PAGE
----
New white space rules

Just before Thanksgiving, the FCC issued a comprehensive order authorizing unlicensed devices on TV frequencies. This lengthy order includes multiple justifications intended to protect against the inevitable court appeals. The rules are 15 single-spaced pages long, making this by far the most complex regulatory regime for any unlicensed service.

What the rules entail

The broadcast industry has long been doubtful that any workable set of rules could adequately protect TV stations and wireless microphones from interference. Poor device performance in recent engineering tests only deepened that skepticism.

Nevertheless, the basic regulatory structure for unlicensed white space usage seems workable. In actual practice, whether the manufacture, marketing and use of these devices can provide adequate protection for licensed operations remains the big question. It will take a year or two to see how this plays out.

A rulemaking like this one — dropping new users into an occupied band — always involves a delicate trade-off between adequate power and flexibility for the newcomer versus protection for the incumbent. Having made the decision to allow the devices at all, the FCC seems to have resolved most doubts in favor of the incumbent TV stations. The new rules are intended to protect, among others:

  • TV service (full-power digital, Class A and low-power digital and analog, translators, and boosters);
  • wireless microphones (and other low-power auxiliary devices);
  • TV translator receive sites;
  • cable headends; and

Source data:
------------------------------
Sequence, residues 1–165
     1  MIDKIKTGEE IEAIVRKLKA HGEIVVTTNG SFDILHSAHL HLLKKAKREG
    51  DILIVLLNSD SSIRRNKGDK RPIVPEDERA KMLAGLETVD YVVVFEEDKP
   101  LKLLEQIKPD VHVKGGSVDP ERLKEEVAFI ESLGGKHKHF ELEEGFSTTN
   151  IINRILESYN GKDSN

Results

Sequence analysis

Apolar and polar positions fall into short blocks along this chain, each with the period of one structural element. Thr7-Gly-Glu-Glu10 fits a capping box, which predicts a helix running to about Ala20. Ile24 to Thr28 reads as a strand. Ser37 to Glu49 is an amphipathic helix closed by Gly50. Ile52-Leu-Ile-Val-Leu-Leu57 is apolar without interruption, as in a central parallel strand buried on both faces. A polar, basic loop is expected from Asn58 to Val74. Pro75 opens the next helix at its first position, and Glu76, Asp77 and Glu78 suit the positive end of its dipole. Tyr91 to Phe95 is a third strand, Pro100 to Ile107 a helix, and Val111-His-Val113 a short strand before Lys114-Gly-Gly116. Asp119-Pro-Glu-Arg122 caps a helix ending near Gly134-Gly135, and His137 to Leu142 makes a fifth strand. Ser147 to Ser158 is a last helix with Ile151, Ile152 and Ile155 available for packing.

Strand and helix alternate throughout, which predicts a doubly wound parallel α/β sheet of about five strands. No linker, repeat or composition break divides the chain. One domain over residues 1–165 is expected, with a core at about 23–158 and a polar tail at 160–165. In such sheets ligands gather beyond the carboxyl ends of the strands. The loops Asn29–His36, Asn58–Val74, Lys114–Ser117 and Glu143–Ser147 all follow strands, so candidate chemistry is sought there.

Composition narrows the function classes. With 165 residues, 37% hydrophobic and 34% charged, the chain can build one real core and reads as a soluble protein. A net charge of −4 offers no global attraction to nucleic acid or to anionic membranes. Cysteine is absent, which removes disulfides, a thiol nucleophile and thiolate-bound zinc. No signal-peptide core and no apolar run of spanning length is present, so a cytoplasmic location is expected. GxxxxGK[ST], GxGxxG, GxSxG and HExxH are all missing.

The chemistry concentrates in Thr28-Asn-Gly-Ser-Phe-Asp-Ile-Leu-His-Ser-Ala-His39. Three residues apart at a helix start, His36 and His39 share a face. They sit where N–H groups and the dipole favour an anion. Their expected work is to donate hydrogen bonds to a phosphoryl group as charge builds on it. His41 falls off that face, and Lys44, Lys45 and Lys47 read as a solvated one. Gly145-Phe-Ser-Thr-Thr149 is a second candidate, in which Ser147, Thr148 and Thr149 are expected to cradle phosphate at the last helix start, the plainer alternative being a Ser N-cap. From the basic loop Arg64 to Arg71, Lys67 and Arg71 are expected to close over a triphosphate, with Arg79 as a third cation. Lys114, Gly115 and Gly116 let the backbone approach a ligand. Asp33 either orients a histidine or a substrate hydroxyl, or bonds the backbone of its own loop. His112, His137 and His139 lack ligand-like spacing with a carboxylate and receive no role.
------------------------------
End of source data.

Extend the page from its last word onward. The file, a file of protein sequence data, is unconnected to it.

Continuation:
• broadcast auxiliary service fixed links.

Potential interference to these services, and many others in nonbroadcast services, necessarily puts a lot of constraints on TV band devices (TVBDs), as unlicensed white space devices are now known. These are the three main constraints:

  • Operation is flatly prohibited on certain channels in specific areas and on some channels in particular areas.
  • Every TVBD must know where it is and have a current list of open channels for that location, or else it must operate under the direct control of a TVBD having that information.
  • Every TVBD must sense the spectrum for incumbents on the channel it is using.

Device locations must be determined to within 164ft, a requirement that only GPS can fulfill today. The catalog of available channels should be updated at least daily. Sensing must achieve a detection level of -114dBm, equivalent to 0.004 trillionths of a watt, yet even this sensitivity could miss TV signals that are viewable with a good outdoor antenna.

In this proceeding, the FCC is being unusually sensitive to the starkly differing interpretations that TVBD advocates and their opponents have put on past sensing-only test data used in the equipment certification process. Rather than simply trusting an applicant's own test results, the FCC will rerun the tests itself, not only in the laboratory, but also in the field. The testing will be open to the public. And the FCC will put the test results on public notice and invite comment.

The last two proceedings for new, unlicensed services — ultrawideband and broadband over power line — prevailed despite vehement opposition. But both fell short of expectations in the marketplace. Because TVBDs are closer to existing successful products, such as Wi-Fi, they may have an easier route to breaking that pattern.

Harry C. Martin is a member of Fletcher, Heald and Hildreth, PLC.

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